A traditional CMS might not have as much reach as its newer counterpart, but it is more self-reliant. 

Due to having a “head”, a traditional CMS isn’t reliant on other software developers to distribute content. Having a predetermined presentation style—such as a website, for example, or an e-commerce platform—helps keep simplicity on your side, so you don’t have to configure and style every piece of code, structure and presentation. 

Difficult to see live previews 

A traditional CMS also makes it easier for developers to gain access to a “live” preview of the presentation style. Having an easy overview before your content goes live means you can easily check for mistakes, arrange last minute touch ups, and otherwise make sure all is well with your presentation. 

With a Headless CMS, it’s difficult to see a live preview because of the lack of development software aiding it; a traditional CMS operates under a single server, making it truly independent software. A Headless CMS is too reliant on other technologies due to having no set presentation or style.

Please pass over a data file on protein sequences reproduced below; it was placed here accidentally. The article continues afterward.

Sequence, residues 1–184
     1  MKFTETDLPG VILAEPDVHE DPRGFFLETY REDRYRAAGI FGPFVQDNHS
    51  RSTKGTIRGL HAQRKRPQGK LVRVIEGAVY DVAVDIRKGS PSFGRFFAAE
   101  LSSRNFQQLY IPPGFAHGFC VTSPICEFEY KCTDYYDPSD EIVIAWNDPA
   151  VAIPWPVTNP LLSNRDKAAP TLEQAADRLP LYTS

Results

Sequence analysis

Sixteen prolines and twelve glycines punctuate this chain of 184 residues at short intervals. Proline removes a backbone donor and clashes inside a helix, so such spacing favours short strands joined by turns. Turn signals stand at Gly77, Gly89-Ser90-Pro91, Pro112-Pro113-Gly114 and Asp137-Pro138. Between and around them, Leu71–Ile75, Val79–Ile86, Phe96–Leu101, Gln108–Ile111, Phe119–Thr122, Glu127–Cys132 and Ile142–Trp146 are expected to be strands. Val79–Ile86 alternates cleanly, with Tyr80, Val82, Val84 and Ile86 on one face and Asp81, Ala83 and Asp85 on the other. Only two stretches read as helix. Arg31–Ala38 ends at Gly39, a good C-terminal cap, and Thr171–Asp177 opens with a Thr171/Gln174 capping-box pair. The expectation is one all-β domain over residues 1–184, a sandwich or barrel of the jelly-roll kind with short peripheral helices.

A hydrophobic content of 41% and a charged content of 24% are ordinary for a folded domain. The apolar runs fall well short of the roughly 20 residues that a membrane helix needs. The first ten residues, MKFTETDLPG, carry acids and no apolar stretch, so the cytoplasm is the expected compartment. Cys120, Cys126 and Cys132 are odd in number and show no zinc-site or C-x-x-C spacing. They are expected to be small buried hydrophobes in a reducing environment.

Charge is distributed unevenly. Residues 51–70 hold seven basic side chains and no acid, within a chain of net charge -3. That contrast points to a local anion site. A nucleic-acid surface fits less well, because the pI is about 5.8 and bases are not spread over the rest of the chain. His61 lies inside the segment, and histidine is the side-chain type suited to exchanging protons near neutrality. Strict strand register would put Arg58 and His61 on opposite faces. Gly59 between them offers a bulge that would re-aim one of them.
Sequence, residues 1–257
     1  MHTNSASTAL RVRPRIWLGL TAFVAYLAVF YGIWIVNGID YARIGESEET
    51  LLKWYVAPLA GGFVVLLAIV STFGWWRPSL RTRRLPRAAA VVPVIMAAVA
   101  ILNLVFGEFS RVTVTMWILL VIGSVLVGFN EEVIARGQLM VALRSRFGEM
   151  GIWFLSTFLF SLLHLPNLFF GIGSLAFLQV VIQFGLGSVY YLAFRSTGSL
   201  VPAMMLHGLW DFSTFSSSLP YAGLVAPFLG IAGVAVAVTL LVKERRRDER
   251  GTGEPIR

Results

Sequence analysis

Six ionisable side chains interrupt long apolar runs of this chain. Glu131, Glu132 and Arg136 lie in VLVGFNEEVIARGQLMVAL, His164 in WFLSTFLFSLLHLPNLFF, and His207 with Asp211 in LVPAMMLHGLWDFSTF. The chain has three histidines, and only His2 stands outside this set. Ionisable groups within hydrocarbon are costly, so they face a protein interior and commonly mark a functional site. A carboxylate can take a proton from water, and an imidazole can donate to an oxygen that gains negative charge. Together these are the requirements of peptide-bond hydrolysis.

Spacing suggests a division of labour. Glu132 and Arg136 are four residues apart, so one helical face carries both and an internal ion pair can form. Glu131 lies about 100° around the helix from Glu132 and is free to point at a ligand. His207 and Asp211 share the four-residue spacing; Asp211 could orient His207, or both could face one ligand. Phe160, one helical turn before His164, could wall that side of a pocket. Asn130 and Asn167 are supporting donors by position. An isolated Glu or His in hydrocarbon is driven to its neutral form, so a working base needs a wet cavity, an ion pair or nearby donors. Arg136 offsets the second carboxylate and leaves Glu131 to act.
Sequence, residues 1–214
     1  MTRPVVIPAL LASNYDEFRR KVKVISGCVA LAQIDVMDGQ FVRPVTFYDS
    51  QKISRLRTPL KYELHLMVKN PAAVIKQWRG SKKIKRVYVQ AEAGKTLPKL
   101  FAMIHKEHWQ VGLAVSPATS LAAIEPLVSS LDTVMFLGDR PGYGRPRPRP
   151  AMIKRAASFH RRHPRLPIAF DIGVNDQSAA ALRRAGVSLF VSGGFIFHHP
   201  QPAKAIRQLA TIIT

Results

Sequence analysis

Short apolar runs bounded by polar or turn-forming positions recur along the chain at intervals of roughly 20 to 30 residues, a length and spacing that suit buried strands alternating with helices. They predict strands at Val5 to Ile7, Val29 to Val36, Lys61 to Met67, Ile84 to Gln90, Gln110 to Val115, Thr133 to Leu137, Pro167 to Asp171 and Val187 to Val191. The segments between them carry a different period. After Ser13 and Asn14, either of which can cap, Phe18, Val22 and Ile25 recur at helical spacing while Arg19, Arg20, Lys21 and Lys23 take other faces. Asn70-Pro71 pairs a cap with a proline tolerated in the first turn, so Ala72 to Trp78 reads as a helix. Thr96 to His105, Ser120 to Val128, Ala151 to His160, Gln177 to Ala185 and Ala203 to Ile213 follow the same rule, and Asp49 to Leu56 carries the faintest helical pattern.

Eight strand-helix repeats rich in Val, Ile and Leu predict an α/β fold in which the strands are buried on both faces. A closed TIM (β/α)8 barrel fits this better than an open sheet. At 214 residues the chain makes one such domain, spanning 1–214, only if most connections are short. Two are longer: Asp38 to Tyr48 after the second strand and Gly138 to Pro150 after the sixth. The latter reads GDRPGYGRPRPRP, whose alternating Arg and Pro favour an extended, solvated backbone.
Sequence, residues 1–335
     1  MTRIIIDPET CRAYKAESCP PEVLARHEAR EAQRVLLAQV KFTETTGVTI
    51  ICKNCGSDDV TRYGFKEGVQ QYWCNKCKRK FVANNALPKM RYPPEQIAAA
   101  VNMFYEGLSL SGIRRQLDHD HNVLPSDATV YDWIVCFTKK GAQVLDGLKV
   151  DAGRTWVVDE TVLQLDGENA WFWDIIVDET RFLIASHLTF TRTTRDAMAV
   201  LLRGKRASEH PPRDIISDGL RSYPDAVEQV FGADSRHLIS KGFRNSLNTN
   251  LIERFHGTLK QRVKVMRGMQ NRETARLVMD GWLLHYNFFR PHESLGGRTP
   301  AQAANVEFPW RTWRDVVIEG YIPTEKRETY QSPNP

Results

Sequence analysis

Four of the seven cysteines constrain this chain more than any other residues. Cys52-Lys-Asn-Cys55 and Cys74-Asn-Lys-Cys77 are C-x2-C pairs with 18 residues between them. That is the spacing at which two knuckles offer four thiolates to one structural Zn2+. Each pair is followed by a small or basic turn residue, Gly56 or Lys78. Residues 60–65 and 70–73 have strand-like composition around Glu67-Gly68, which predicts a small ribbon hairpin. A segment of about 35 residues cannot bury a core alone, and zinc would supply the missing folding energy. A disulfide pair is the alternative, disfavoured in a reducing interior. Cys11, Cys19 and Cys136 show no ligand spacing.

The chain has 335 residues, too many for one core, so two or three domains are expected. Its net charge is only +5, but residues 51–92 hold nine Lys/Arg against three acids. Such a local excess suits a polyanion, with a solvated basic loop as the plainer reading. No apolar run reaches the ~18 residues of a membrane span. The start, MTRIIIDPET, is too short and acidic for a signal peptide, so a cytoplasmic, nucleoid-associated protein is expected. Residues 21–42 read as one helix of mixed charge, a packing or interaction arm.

Fingo’s approach to website development

Fingo has been developing websites for 18 years and we have a business-focused approach to our technical development. 

Your website should be built specifically to proactively and independently create sales opportunities, drive traffic, sell products and convert sales and leads. Before starting any website design or improvement project we seek to answer a simple question: what problem are we solving?

It could be stagnating growth because of a lack of sales leads, the wrong type of sales leads or low conversion rates.

That’s how we make the right choice around the design, code and build for your website.  

If you’re thinking about improving your existing website or starting from scratch, don’t hesitate to get in touch